American multinational vehicle manufacturer General Motors (GM) has opened a new Additive Industrialization Center (AIC), through which it aims to ‘productionize’ 3D printing.
The Michigan facility, which houses 24 polymer and metal systems, will work with its GM Ventures subsidiary to validate new uses of additive technologies. Having already printed parts for Corvette Racing, GM has now revealed that Cadillac’s upcoming road cars will now become its first to feature 3D printed components.
“The core component of GM’s transformation is becoming a more agile, innovative company, and 3D printing will play a critical role in that mission,” said Audley Brown, Director of Additive Design and Materials Engineering at GM. “Compared to traditional processes, 3D printing can produce parts in a matter of days, at a significantly lower cost.”
GM puts 3D printing into production
Although GM has used 3D printing within tooling and design applications for years, its new complex has been built to deploy the technology in the production of its road vehicles for the first time. The recently-opened 15,000 sq. ft facility features a comprehensive range of technologies, including SLS, SLM, FDM and MJF 3D printers.
Using its machine portfolio, the firm aims to drive greater efficiency within its production processes, and reduce the lead times associated with certain parts. For instance, 3D printing enables engineers to consolidate tooling parts into single optimized devices, and to quickly make iterative design changes.
This strategy has worked for GM before, as it saved $300,000 by switching to fabricated tooling in 2018, and partnered with Autodesk to optimize the weight of its vehicles. With the opening of its AIC, the firm is now scaling and validating new applications of 3D printing, as a means of driving profitability in the here and now.
“Many recent product programs have benefitted from 3D printed prototype parts in one way or another,” said Brown. “Not only can these parts save time and money, but the team also uses 3D printed applications during product development to overcome unexpected challenges in real time.”
Accelerating from prototyping to end-use
Within its AIC, GM has already developed a range of optimized tooling parts for vehicle assembly purposes. The additive devices, which include hand-apply tools, automation components and rapid-response solutions, proved to be lighter, more ergonomic and less complex than their conventional counterparts.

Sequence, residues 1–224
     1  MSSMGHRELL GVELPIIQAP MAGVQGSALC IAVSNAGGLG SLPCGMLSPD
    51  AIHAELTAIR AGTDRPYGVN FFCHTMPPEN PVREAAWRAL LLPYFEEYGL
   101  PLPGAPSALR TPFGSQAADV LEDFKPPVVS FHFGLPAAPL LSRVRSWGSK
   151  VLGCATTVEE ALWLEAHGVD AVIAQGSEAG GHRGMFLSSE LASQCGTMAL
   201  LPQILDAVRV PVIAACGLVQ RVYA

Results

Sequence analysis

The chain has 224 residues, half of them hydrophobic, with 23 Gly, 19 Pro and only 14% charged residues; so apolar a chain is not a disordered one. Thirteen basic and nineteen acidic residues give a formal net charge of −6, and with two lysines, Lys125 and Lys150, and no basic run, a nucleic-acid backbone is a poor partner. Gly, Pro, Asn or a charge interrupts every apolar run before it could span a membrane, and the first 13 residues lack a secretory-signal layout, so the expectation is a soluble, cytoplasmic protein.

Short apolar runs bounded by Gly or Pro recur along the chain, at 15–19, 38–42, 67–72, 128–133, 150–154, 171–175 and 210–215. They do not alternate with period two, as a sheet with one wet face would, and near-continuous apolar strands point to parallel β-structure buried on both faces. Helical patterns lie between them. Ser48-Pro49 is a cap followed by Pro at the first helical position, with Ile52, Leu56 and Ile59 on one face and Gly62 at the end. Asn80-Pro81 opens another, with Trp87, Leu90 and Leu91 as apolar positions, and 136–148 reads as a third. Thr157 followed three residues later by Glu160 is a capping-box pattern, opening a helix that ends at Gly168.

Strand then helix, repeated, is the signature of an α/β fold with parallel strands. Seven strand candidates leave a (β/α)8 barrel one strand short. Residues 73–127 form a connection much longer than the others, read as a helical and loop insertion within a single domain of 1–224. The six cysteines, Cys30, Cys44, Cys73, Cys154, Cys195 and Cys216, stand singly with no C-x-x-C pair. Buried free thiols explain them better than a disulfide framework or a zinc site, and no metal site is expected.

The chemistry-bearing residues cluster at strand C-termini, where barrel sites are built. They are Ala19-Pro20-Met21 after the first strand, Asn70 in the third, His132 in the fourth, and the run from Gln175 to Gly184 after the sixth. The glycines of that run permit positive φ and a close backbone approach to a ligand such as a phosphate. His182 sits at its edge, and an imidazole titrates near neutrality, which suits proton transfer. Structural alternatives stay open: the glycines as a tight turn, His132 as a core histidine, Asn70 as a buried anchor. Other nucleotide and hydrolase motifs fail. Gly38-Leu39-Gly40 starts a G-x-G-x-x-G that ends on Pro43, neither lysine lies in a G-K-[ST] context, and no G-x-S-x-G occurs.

In the launch of its new SUVs for example, GM printed nearly 100 hand tools for its Arlington Assembly subsidiary, virtually eliminating the lead times associated with ordering spares. The firm has also worked with Corvette Racing to fabricate brake cooling ducts, that took 9 weeks less to develop, and cost 60% less to make.
Following the success of its collaboration with Chevrolet, GM’s Cadillac subsidiary has also announced that its new CT4-V and CT5-V Blackwing sedans will feature four 3D printed parts each. Leveraging additive technologies, the Cadillac R&D team has been able to optimize the upcoming car’s transmission, harnesses and ducts.
“The parts printed for the Cadillac V-Series models exemplify how we can use additive applications in the right place on the right program,” added Brown. “Ultimately, we see the potential for 3D printed parts to be used in a wide variety of production applications, [providing] greater personalization options for new-vehicle buyers.”
3D printing drives automotive efficiency
3D printing is increasingly being utilized by multinational automotive firms, not just for prototyping purposes, but developing parts for end-use in their road-faring vehicles.
Renault has made additive manufacturing central to its new circular ‘Re-Factory,’ that’s being built in the French town of Flins. The facility will focus on reducing waste by recycling and retrofitting vehicles, as well as offering a 3D printed spare parts service.
Porsche, meanwhile, has worked with machine tool producer TRUMPF and automotive parts company MAHLE, to 3D print pistons for the engine of its 911 supercar. Using an AI-led additive method, the firms were able to reduce the weight of the components by 10%, and add 30 BHP to the engine’s horsepower.
Elsewhere, researchers at Fraunhofer IAPT have worked with Fiat Chrysler Automobiles (FCA) to develop a 3D printed suspension part for one of its sports cars. By deploying AM, the team were able to integrate the vehicle’s brake caliper into its wheel carrier, making it 36% lighter and more fatigue resistant too.
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Featured image shows GM’s Manufacturing Engineer Benjamin LeBlanc inspecting a 3D printer at the Additive Industrialization Center. Photo via Steve Fecht, GM.